Edmund Burke stated: “The only thing necessary for the triumph of evil is for good men (people) to do nothing.” Albert Einstein put it this way: “The world will not be destroyed by those who do evil, but by those who watch them without doing anything.” Rev. Dr. Susan Thistlewaithe would say “if one does not dissent then one is a collaborator.”  Our political climate has become a circus of those who coerce and those who collaborate.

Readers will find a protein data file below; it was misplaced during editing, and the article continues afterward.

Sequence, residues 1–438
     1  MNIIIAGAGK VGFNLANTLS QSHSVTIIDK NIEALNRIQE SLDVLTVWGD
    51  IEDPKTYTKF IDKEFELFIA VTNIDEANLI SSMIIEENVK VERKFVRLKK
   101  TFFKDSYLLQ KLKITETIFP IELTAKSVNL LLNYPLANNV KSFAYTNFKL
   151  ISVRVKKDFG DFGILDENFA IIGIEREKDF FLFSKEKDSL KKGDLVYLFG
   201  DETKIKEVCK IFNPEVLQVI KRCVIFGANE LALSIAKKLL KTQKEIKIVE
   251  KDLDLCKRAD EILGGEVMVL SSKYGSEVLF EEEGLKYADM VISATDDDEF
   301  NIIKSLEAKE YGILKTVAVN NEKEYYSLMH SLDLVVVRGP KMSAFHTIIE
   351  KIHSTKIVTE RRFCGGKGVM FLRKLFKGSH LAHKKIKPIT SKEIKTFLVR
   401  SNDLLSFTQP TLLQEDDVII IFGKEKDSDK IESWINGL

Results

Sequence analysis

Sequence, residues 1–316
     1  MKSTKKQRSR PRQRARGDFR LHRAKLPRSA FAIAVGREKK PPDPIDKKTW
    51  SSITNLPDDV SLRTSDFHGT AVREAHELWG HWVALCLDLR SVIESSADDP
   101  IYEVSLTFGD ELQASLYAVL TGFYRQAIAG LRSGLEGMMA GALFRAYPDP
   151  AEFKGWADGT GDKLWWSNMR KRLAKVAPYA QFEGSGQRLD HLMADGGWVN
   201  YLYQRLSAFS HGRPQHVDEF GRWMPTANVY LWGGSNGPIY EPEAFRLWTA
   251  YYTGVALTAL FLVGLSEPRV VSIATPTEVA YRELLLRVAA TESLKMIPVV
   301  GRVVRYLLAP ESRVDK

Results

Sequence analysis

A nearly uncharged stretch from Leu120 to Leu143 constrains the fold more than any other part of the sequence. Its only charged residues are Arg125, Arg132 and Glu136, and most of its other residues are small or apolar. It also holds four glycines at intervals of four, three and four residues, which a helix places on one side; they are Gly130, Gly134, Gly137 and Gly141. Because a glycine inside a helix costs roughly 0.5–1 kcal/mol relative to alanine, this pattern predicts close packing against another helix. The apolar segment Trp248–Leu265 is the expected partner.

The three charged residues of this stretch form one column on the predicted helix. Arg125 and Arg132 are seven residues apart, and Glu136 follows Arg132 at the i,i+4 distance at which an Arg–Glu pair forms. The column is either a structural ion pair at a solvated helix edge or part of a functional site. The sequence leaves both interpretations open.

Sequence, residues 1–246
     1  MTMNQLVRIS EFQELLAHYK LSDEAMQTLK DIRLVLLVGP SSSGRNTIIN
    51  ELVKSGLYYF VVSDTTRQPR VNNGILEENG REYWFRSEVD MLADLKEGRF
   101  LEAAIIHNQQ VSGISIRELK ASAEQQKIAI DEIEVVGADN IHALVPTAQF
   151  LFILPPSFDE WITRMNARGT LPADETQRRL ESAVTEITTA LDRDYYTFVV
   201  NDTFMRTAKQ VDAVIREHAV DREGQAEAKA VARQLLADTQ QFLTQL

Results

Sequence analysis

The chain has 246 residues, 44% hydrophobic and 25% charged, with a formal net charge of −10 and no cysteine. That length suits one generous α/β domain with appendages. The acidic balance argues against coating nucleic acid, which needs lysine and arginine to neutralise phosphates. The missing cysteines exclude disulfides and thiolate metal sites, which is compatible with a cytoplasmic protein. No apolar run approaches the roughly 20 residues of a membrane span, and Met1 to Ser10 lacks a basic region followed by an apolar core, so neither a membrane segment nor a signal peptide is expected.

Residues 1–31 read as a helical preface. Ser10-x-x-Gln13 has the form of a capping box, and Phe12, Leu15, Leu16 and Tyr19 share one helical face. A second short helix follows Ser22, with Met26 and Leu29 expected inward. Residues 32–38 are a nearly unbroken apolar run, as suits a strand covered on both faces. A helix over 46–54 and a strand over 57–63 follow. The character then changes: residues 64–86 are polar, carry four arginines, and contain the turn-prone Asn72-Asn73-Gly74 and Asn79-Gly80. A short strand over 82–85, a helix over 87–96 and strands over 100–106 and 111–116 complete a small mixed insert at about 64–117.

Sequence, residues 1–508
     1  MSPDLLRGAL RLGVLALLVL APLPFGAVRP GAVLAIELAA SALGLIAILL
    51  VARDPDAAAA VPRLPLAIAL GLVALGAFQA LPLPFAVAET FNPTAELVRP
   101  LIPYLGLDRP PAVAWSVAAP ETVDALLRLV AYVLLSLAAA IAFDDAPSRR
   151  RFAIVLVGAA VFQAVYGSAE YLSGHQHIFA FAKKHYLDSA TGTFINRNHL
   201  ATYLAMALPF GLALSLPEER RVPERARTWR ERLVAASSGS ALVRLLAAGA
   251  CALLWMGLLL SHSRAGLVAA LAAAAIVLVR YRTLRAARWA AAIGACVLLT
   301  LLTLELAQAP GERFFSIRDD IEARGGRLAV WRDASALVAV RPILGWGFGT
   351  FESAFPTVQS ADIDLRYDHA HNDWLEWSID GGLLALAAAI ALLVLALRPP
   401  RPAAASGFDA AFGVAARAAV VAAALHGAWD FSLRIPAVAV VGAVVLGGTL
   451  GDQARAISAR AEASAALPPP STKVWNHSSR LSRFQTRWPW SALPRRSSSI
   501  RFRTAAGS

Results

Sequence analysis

When seeing “Christians” endorsing the policies of despair and those who initiate them we must ask questions about the validity of Christian ethics as a moral compass.  The questions for Christians are: How do we rescue the church from its historical and current level of collaboration with coercion for the sake of power and personal gain? Where do we engage our society not merely in social media or written dissent but in actual action driven resistance to the current climate of political balkanization? The answer is the church can’t rest on its indifference because that is what caused God’s wrath to be poured out on Sodom.  Good people who became indifferent to the conditions of others because of the blessings that they have received.  Ezekiel 16:49 reads: “this was the guilt of your sister Sodom: she and her daughters (sons) had pride, excess of food, and prosperous ease, but did not aid the poor and needy.”